Moon Jar, thrown stoneware, wood-fired, glazed and textured, 2011, Ht 50cm
Adam Buick studied at Lampeter University and ceramics at the West Wales School of Art, Carmarthen, 2002-3. He set up his studio in Pembrokeshire, where he still works. He is fascinated with the landscape, its influence on human beings and their impact upon it. He was inspired by the Moon jars created in Korea during the Choson dynasty (1392-1910), which were originally made of plain white porcelain. He sees the form as symbolic of the planet, and adds glaze, texture and materials from the landscape in Pembrokeshire. In his own words, ‘My work uses a single pure jar form as a canvas to map my observations from an ongoing study of my surroundings. I incorporate stone and locally dug clay into my work to create a narrative, one that conveys a unique sense of place. The unpredictable nature of each jar comes from the inclusions and their metamorphosis during firing. This individuality and tension between materials speaks of the human condition and how the landscape shapes us as individuals.’ He is represented in several public collections.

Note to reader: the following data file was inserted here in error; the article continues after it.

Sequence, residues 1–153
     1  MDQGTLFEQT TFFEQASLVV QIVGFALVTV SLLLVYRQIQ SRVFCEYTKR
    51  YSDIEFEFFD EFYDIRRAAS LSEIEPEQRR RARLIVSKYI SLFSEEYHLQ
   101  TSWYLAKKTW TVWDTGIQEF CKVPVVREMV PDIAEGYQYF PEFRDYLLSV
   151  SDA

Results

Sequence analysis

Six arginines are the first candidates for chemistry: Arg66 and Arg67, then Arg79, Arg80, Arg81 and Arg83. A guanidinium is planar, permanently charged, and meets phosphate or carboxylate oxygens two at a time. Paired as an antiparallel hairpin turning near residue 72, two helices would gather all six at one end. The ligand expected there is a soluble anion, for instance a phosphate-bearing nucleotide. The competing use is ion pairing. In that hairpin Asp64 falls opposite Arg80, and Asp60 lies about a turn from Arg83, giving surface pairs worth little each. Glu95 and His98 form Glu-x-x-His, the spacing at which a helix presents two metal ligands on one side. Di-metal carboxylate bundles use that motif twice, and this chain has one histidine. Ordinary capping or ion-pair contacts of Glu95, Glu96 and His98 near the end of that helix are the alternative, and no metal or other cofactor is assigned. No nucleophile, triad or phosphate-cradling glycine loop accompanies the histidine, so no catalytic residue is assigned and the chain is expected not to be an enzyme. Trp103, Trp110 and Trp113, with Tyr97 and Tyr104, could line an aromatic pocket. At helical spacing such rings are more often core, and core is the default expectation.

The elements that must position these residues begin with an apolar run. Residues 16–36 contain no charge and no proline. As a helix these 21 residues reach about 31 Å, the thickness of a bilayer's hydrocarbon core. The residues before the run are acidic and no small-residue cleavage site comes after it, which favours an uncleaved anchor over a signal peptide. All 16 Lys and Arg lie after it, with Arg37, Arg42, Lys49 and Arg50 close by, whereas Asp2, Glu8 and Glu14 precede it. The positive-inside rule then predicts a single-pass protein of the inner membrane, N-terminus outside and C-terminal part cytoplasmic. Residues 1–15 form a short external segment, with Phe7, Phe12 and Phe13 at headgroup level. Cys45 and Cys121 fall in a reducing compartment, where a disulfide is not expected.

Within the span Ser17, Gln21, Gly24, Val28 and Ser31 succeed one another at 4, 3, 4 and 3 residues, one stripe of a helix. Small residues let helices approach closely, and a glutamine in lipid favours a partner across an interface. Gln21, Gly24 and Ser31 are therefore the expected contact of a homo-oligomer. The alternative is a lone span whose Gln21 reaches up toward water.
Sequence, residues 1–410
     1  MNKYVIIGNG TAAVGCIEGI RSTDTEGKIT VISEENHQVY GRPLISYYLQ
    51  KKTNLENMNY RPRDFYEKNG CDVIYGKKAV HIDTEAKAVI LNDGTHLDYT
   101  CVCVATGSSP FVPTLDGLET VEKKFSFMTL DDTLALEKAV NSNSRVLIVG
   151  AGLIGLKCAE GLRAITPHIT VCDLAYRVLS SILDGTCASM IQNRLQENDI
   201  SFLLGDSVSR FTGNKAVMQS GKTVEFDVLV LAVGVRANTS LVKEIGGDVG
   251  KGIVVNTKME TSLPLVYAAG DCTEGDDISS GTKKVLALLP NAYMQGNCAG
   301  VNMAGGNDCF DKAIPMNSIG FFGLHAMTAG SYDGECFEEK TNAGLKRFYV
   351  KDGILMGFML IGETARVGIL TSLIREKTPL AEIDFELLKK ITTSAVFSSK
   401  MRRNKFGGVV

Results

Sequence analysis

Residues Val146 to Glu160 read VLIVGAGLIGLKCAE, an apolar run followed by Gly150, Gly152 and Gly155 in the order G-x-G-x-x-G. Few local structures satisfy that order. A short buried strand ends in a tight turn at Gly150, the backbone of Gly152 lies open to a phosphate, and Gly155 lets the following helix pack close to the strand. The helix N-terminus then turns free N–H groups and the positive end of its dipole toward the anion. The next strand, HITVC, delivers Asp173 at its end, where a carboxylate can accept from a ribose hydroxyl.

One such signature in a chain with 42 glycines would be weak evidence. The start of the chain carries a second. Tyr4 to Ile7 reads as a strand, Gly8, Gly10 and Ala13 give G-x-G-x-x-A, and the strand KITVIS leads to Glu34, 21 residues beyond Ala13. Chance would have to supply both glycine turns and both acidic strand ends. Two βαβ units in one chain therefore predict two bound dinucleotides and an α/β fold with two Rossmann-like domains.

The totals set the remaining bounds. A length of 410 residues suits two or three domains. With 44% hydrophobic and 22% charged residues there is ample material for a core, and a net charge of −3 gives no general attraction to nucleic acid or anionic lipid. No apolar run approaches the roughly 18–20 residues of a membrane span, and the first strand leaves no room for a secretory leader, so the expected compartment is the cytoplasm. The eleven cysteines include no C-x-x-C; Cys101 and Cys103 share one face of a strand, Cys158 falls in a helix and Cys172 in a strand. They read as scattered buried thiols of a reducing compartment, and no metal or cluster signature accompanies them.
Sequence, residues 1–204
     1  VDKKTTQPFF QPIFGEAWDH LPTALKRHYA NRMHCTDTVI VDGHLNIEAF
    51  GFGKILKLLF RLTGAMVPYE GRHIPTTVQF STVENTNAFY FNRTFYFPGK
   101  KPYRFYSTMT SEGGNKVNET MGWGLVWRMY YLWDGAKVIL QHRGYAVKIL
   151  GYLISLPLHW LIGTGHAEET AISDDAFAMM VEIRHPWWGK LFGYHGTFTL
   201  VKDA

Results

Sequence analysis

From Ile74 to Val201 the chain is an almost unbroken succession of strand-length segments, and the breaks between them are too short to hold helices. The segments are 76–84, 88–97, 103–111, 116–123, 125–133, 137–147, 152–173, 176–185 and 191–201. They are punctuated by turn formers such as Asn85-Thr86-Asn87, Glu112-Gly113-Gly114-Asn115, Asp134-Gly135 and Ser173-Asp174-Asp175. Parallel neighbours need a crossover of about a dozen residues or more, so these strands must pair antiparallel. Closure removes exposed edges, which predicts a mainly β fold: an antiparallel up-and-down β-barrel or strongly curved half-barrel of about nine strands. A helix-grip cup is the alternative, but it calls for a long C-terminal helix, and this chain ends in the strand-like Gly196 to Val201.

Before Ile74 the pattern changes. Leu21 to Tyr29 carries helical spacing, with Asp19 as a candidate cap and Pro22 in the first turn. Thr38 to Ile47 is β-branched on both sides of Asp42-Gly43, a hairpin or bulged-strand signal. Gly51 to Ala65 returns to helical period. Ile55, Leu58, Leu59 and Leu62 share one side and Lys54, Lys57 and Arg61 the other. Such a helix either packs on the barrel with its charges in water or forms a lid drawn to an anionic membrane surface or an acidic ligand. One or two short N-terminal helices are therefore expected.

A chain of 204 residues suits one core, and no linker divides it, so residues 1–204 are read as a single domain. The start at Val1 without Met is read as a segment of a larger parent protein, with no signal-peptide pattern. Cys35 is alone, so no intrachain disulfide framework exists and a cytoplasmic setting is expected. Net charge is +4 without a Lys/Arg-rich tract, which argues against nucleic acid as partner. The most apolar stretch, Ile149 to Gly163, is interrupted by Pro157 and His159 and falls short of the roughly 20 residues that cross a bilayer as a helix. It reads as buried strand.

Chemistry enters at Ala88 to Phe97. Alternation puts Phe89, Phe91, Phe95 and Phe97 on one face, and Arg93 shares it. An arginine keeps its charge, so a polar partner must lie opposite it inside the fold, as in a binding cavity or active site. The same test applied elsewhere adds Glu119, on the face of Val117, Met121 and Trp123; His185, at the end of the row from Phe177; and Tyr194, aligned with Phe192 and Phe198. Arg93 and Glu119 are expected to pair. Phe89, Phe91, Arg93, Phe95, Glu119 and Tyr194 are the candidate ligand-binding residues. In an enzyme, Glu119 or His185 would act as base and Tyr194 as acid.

The Legend of Tresaith
Adam Buick has created a film for the Aberystwyth University Ceramics Collection inspired by the Legend of Tresaith. Tresaith is a village in Ceredigion, Wales. Legend has it that there was once a king of Ireland who finally lost patience with his seven troublesome daughters. He cast them adrift in an open boat which eventually beached on the coast of Ceredigion. The seven princesses landed safely, fell in love with the sons of seven local Welsh families, married and settled down in Tresaith (the Town of Seven).
Reflecting on the legend and building on themes of movement and change, Adam made seven ceramic vessels which he fitted with tracking devices and set adrift from Ireland in June 2017. You can find out more about the project here: http://www.adambuick.com/place-of-seven/